Journal of Obesity & Weight Loss Therapy
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Regular exercise increases oxidation of fatty acids in skeletal muscle. Exercise activates Calmodulin-dependent protein
kinase (CaMK)II, resulting in increased mitochondrial oxidative capacity. As such, exercise can curb accumulation
of excess lipids in adipose and intramuscular tissues that may result in obesity/type 2 diabetes. Lipid metabolism mainly
occurs in mitochondria regulated by NRF-1 and is controlled by a set of mitochondrial enzymes. For example, Carnitine
palmitoyltransferase (CPT)-1 is a rate-limiting enzyme in mitochondrial lipid oxidation that regulates the transport of long
chain fatty acids across the mitochondrial membrane, resulting in ATP synthesis. On the other hand, acetyl-CoA carboxylase
(ACC)-1 is a mitochondrial enzyme that promotes lipid synthesis by providing malonyl CoA substrate for the biosynthesis of
fatty acids. NRF-1 is the major transcriptional factor of the mitochondria, the site for ATP generation from carbohydrates and
lipids. As such, mitochondrial dysfunction is crucial in metabolism of the cell. In order to investigate the amount of NRF-1
bound Cpt-1, ChIP assay performed. Exercise showed that the amount of NRF-1 bound Cpt-1 was ~1.3 fold increase compared
with the control group. The exercise + KN93 group did not show any significant change compared with the exercise group.
This result indicates that exercise-induced CaMKII activation increase the amount of NRF-1 bound Cpt-1. With respective to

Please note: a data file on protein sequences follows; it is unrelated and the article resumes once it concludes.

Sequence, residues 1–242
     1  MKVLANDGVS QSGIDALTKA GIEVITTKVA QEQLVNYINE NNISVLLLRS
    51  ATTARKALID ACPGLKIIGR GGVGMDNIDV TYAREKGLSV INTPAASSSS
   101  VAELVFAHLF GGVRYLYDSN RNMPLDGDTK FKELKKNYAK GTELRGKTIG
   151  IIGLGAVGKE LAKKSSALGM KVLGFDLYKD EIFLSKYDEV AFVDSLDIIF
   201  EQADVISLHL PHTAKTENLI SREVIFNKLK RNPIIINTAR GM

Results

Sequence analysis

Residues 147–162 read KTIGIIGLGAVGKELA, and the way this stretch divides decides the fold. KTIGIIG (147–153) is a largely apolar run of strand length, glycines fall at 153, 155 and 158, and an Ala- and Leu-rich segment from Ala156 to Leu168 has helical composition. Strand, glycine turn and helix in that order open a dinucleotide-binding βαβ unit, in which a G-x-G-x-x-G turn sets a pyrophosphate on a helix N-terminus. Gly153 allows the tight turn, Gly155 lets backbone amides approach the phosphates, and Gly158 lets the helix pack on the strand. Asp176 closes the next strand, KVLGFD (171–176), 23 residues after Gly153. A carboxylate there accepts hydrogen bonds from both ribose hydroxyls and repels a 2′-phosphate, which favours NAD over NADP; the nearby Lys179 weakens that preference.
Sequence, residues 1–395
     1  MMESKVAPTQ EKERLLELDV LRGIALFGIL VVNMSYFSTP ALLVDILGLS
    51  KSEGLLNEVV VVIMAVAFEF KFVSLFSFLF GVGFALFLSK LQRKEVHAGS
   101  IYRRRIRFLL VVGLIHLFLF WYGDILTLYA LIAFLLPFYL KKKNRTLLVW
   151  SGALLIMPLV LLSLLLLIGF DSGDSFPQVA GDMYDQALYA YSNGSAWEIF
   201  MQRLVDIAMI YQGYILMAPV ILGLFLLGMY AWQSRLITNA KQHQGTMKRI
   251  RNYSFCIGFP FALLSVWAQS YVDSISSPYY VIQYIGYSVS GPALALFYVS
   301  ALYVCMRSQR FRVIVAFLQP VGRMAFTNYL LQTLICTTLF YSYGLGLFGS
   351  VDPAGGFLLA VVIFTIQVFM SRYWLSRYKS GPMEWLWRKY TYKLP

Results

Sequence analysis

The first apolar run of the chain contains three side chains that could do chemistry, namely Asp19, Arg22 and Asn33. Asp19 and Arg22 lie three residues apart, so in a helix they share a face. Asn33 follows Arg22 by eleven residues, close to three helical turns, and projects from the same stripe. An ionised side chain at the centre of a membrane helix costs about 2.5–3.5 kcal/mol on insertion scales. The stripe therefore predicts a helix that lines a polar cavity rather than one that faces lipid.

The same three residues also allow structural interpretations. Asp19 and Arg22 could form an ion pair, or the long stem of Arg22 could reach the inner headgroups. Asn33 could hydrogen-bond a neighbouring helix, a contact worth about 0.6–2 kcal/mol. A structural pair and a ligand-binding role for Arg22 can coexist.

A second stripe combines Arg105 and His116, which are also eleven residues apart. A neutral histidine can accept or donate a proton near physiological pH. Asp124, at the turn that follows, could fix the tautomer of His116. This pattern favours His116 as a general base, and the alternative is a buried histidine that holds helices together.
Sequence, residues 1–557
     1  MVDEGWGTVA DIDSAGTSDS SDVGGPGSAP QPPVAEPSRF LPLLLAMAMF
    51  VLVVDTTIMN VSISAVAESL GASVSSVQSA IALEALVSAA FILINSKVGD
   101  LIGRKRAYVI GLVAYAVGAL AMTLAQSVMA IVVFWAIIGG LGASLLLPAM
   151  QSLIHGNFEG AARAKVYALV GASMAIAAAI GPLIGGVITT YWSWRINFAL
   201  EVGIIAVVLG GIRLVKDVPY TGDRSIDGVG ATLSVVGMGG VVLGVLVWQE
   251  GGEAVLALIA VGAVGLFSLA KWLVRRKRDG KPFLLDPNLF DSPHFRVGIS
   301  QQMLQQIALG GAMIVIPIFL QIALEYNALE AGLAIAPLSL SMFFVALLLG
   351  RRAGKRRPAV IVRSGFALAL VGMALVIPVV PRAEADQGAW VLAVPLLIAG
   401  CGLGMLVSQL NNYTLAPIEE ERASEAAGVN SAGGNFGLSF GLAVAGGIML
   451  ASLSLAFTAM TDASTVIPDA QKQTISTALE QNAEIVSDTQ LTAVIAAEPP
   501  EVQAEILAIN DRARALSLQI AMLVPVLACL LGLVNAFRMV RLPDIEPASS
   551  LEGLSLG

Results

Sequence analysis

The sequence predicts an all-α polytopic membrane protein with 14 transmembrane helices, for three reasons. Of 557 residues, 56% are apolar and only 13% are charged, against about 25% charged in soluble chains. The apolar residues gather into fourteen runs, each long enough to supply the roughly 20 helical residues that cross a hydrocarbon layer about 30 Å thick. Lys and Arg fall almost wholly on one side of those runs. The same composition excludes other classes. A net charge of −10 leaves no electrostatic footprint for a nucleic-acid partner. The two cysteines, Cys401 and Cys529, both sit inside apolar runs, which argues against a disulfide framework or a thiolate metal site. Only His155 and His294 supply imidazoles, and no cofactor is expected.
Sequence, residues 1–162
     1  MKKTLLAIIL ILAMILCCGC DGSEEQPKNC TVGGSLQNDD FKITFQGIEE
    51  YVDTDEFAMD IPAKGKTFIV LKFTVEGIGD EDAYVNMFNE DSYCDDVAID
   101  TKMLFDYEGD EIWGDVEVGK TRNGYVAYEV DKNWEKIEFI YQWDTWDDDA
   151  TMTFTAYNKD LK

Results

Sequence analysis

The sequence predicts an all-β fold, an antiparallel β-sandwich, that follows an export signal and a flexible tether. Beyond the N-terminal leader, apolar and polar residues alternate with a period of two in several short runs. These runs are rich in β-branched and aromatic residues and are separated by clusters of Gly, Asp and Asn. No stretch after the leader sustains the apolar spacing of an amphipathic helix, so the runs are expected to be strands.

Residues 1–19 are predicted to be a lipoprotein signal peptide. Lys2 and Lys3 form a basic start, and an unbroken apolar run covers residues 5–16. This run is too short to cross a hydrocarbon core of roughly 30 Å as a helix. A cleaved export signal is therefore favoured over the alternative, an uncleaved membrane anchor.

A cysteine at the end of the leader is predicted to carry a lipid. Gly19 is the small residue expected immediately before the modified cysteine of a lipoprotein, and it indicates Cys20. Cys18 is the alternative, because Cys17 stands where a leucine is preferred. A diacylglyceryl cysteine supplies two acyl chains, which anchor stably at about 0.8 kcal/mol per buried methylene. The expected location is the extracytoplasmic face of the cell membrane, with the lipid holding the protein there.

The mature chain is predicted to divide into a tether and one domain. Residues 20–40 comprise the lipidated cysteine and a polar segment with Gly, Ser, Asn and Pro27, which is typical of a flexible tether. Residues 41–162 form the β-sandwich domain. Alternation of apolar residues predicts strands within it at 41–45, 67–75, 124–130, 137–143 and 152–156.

gene transcription, exercise group showed ~7.8 fold increase compared with the control group. Cpt-1 gene expression of the
exercise + KN93 group showed significant decrease compared with the exercise group. Cpt-1 gene expression of the exercise +
KN93 was similar to the control group. This result shows that CaMKII activation increase Cpt-1 gene expression in rat skeletal
muscle. With respect to mitochondrial integrity, mitochondria size of the exercise group increased by ~3.0 fold compared with
the control group, whereas the exercise + KN93 group showed significant decrease compared with the exercise group. Using
TEM we show that exercise-induced CaMKII activation increases mitochondria size in rat skeletal muscle and its integrity.
Emmanuel Mukwevho has completed his PhD in 2010 from University of Cape Town, South Africa in Anatomy and Cell Biology. He is an Associate Professor of Biochemistry at North West University, South Africa. He has published both nationally and internationally in reputed journals and his specialty is in Obesity and Diabetes where he led the Diabetes & Obesity Therapeutics Research group at North West University.